Are you one of the millions of Americans who didn’t see a health care professional over the past year because of concerns related to the COVID-19 pandemic?
A report released last fall from the U.S. Centers for Disease Control and Prevention found that 41% of U.S. adults said they delayed or avoided medical appointments, including routine and preventive care.
McLaren Health Plan Chief Medical Officer Dr. Dennis Perry is optimistic that as vaccination rates rise and restrictions are lifted, families can get back to doing more of the normal, everyday things they did before COVID-19. Basic medical checkups and health screenings should be at the top of the to-do list.
Dr. Perry said Breast Cancer Awareness Month in October is a good reminder for people to call their doctor and get back on track.
“Early detection is important – especially for women and expectant mothers,” he said. “Taking time for routine health screenings should be a priority.”
Most health insurance plans cover routine health screenings and maternity and newborn care at no extra cost to patients. Dr. Perry recommends women schedule important health care checkups as soon as possible.
A good idea is to make this appointment every year around a birthday so it’s easier to remember to do it. The physician will ask questions about family history and previous illnesses. Vital signs will be taken, and eyes, ears, heart and skin will be checked. Ask questions about specific health concerns. Schedule a mammogram, Pap screening or any blood tests that might be needed.
Pap screening for cervical cancer
Cervical cancer can affect any woman who is or has been sexually active. It occurs in women who have had the human papilloma virus or HPV. Many people who are infected have no symptoms. HPV is passed during sex and is most common in women ages 20-24. Chances of getting cervical cancer can be reduced by getting routine Pap screenings and the HPV vaccine. This is a series of two shots given during a six-to-12-month period. Women and girls between the ages of 9 and 26 should consider getting the series of shots.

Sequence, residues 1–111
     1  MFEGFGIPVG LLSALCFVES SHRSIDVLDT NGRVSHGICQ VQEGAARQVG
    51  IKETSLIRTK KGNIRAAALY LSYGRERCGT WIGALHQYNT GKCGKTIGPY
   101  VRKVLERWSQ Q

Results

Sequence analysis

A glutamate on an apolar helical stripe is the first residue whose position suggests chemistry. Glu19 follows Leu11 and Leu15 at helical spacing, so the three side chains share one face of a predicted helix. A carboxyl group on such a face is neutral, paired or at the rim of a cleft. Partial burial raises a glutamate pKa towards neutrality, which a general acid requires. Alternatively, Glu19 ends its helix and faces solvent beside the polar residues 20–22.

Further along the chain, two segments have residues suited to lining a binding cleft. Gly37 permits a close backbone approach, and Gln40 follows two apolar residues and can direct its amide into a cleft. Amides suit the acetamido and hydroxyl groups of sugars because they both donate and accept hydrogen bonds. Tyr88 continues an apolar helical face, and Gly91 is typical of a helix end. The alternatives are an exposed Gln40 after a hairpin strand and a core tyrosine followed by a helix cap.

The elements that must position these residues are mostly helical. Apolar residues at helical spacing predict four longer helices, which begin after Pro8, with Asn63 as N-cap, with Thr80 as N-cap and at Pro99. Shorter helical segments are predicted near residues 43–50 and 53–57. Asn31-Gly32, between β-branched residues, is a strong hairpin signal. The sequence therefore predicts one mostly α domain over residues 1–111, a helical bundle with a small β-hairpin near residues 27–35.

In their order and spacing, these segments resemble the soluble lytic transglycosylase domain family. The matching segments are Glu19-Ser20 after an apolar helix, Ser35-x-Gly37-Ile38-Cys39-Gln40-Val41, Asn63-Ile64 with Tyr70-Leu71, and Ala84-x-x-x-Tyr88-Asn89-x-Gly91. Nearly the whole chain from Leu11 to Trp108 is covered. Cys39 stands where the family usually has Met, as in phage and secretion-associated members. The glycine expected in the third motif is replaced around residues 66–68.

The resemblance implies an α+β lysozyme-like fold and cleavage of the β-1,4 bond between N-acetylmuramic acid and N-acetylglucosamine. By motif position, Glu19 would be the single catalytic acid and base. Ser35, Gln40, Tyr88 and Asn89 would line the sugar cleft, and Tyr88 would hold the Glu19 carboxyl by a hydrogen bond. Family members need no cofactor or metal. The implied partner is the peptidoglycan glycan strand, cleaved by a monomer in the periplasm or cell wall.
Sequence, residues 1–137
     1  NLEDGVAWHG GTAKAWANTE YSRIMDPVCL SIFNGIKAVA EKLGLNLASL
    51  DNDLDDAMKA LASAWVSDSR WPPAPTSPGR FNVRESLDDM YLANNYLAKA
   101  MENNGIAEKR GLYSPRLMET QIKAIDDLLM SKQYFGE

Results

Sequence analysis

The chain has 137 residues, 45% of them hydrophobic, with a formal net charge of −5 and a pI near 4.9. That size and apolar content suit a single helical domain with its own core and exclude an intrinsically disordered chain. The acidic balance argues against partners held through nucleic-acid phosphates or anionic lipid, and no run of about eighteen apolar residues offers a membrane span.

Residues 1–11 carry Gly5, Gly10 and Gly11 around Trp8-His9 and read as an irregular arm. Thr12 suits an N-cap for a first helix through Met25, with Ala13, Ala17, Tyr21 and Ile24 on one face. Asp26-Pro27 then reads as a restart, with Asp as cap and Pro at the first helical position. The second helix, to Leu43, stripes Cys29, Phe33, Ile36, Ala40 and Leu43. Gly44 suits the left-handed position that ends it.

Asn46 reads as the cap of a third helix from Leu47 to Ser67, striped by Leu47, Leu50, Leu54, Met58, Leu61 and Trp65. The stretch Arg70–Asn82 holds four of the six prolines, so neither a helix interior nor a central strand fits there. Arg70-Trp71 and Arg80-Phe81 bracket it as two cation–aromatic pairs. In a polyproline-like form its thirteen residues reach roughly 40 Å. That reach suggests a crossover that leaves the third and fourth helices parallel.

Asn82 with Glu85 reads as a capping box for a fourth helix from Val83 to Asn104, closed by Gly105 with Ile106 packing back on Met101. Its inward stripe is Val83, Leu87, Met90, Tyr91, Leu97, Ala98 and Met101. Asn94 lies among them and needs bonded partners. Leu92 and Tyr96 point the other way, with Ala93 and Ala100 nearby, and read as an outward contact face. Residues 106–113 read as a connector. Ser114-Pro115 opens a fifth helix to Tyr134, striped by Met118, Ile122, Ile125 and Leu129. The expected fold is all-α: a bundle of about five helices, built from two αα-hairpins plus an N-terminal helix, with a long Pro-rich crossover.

Get tested for chlamydia
Sexually active women should get tested every year for chlamydia because it’s a common sexually transmitted disease that can cause infertility and harm newborn babies. As both men and women can catch and spread the disease, it’s important for women under age 25 and males ages 16-18 to be tested. Although easily transmissible, it’s also easy to detect and treat. Most people with chlamydia have no symptoms. A doctor can run a simple urine test to detect it. The treatment for chlamydia is antibiotics. Partners also should get tested and treated if necessary.
A monthly breast self-examine is recommended. Notify a doctor immediately if any changes are noticed. For general breast health, women should maintain a healthy weight, limit alcohol and exercise regularly. All women can get breast cancer, even those with no family history of the disease. There is a higher chance of surviving when the cancer is diagnosed early. Women should get a mammogram every year beginning at age 50.
Prenatal and postpartum care
Timely postpartum care is essential for maximizing maternal and newborn health. An initial prenatal visit should be completed within the first trimester. A postpartum exam should occur within seven to 84 days after delivery.
McLaren Health Plan (MHP) offers additional support to pregnant women through its McLaren Moms program. The program provides access to a nurse case manager and information regarding healthy pregnancies. The nurse case manager can assist high-needs patients, routine postpartum follow-up, education and planning.
For MHP Medicaid members, the Maternal Infant Health Program (MHIP) is available to provide extra help for women who may need it. It pairs pregnant women with a nurse and a social worker to help them connect with medical care, supplies and information.
Dr. Perry reassures that doctors, medical staff and facilities are taking every precaution during the pandemic to ensure patient safety.
“It’s safe to return to your doctor’s office, get health screenings, receive urgent and emergency care or schedule that surgery you may have put off,” he said. “Make those appointments now and reengage with your health.”
This article originally appeared in UP North Live. Read more here.